The Legend of Old Men-- thoughts on Matt Wagner's Mage: The Hero Denied #0

Mage: The Hero Denied #0
Written and drawn by Matt Wagner
Colored by Brennan Wagner
Lettered by Dave Lanphear
Published by Image Comics

I don’t know if I can be the calm, cool, objective critic of Matt Wagner’s Mage: The Hero Denied #0. Now I can’t say I was there from the beginning in 1984 but I was there for the end of the beginning in 1986 when Kevin Matchstick learned his first important lessons about responsibility and guilt and I’ve been following his creator Matt Wagner ever since. From Grendel to Sandman Mystery Theater to various Batman and Shadow stories, Wagner has operated in the shadows of pulp and noir. But we’ve seen him step out of the darkness before with the two previous Mage stories and are about to see it again with Mage: The Hero Denied. With a zero issue out this week, Wagner shows that he’s not going to take being one of the “old timers” of comics laying down.

“Third Interlude” mirrors the second one that started the last series. In that story 20 years ago (was it really out in July 1997?,) Wagner told a story of Kevin Matchstick meeting his contemporary heroes and adventurers. Told only eleven years following the first Mage series, Matchstick was still kind of impulsive, brash and arrogant, even with heroes that were his equals. In Mage: The Hero Denied #0, Wagner puts Matchstick in the position of being the wise, old hero, watching a new generation of impulsive, brash and arrogant adventurers have their day in the sun. Sound familiar at all? And remember that a large part of the Mage series is autobiographical.

Wagner’s story shows a Kevin Matchstick who is still maybe that proud and slightly arrogant hero but he’s also not looking for every opportunity to prove himself. As The Steeze, a braggart of the new generation of heroes, takes every possible opening he has to prove to Matchstick that he’s just as good as, if not better than, the “old man,” Matchstick sits back, watches the show, knowing that some mistakes have to be experienced to be learned. It’s the mythic hero version of tough love. But even hanging back, Matchstick takes the time to make sure that the job is done completely and any monsters, big or little, are properly dealt with. With great responsibility must come great patience in dealing with the upcoming generation of would-be world savers.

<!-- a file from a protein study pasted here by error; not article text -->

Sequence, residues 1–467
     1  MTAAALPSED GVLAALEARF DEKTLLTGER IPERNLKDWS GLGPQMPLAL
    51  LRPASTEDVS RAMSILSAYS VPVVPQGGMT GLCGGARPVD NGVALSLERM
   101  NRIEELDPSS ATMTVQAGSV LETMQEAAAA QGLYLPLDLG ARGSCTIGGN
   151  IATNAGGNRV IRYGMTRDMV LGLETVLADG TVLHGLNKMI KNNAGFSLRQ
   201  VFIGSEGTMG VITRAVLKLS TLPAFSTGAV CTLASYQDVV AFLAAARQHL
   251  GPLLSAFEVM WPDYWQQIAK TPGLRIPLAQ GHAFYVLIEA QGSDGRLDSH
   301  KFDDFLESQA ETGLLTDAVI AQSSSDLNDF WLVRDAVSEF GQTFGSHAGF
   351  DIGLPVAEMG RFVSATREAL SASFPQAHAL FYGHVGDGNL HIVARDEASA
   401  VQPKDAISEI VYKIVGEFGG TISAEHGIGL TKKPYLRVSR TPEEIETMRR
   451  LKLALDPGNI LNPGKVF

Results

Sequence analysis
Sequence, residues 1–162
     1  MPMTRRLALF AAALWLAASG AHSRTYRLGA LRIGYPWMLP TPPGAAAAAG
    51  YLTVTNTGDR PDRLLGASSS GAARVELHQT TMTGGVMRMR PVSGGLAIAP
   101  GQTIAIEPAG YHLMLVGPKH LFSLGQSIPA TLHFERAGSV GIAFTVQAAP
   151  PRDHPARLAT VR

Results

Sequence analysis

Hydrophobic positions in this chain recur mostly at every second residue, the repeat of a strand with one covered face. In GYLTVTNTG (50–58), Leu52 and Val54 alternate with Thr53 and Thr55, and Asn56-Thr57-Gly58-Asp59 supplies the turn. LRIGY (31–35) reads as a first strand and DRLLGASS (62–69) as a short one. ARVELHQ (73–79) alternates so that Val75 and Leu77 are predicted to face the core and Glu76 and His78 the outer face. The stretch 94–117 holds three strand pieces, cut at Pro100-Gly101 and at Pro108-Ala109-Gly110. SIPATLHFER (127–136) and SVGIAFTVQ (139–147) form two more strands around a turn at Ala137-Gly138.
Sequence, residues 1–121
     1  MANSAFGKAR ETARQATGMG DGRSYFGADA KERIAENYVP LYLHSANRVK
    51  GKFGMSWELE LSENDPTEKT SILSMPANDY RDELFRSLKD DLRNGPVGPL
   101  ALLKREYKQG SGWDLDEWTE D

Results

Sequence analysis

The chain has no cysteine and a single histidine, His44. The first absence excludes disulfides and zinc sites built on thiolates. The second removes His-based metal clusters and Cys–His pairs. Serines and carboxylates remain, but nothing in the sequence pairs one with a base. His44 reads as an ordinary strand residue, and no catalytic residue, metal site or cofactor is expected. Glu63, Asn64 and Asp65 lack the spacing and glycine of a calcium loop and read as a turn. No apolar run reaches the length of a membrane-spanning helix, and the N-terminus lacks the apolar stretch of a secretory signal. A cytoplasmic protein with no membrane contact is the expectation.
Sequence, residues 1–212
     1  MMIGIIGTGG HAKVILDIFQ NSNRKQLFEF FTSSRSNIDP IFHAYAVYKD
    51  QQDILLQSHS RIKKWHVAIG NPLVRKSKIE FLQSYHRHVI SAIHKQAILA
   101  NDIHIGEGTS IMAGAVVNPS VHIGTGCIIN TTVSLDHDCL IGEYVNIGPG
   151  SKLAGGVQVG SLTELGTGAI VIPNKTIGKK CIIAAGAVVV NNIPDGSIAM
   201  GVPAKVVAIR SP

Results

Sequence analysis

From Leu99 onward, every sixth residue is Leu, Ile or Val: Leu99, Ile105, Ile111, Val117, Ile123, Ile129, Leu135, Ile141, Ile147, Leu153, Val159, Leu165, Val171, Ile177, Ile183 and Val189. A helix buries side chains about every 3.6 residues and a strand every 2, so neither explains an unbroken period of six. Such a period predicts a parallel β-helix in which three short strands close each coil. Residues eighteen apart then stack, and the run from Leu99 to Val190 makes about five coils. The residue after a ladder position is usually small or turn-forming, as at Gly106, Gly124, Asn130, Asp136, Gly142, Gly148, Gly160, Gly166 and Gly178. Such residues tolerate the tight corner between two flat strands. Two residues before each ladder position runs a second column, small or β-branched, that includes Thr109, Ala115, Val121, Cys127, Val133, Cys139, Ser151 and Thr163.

It’s great how Wagner shows the over-eagerness of The Steeze and the cool confidence of Matchstick. The prancing young hero is only too happy to strike a hero pose as he whizzes around on his mystic skateboard to blast little, creepy monsters. Meanwhile, Matchstick leans against some crates, watching even as he knows that the little nasties are only a distraction. “Let the youngblood take care of the easy targets,” his smirk says even as he offers just enough assistance to keep The Steeze from doing any serious damage to himself. 

Brennan Wagner’s rich colors and Dave Lanphear’s descriptive lettering emphasize Wagner’s storytelling, providing highlights to the speech and actions of these two heroes while also showing just what the difference is between them. These complementary visual elements all work together to use the language of comics to tell the story. It seems like such a simple thing but Lanphear’s sound effects feel like something out of a 1980’s comic, maybe even leaning into some of the autobiographical elements of Wagner’s story. When so many modern comics try to play down the lettering into an “invisible art,” Lanphear makes the lettering here bold and visually part of the story being told.

After almost 20 years, Matt Wagner is back and ready to begin the final part of his trilogy. So far, the hero has been discovered and defined but now he’s being set up to be denied. “Third Interlude” shows us where Kevin Matchstick is today and give us a hint at his role in this world. Wagner’s storytelling either eases us back into this world or it may be an introduction, depending on your experience with Kevin Matchstick’s story. But like his character who is cool and confident, Wagner uses this comic to show that while there have been a lot of comics and creators who have been the “next big thing” over the years, Wagner is still one of the best cartoonists around.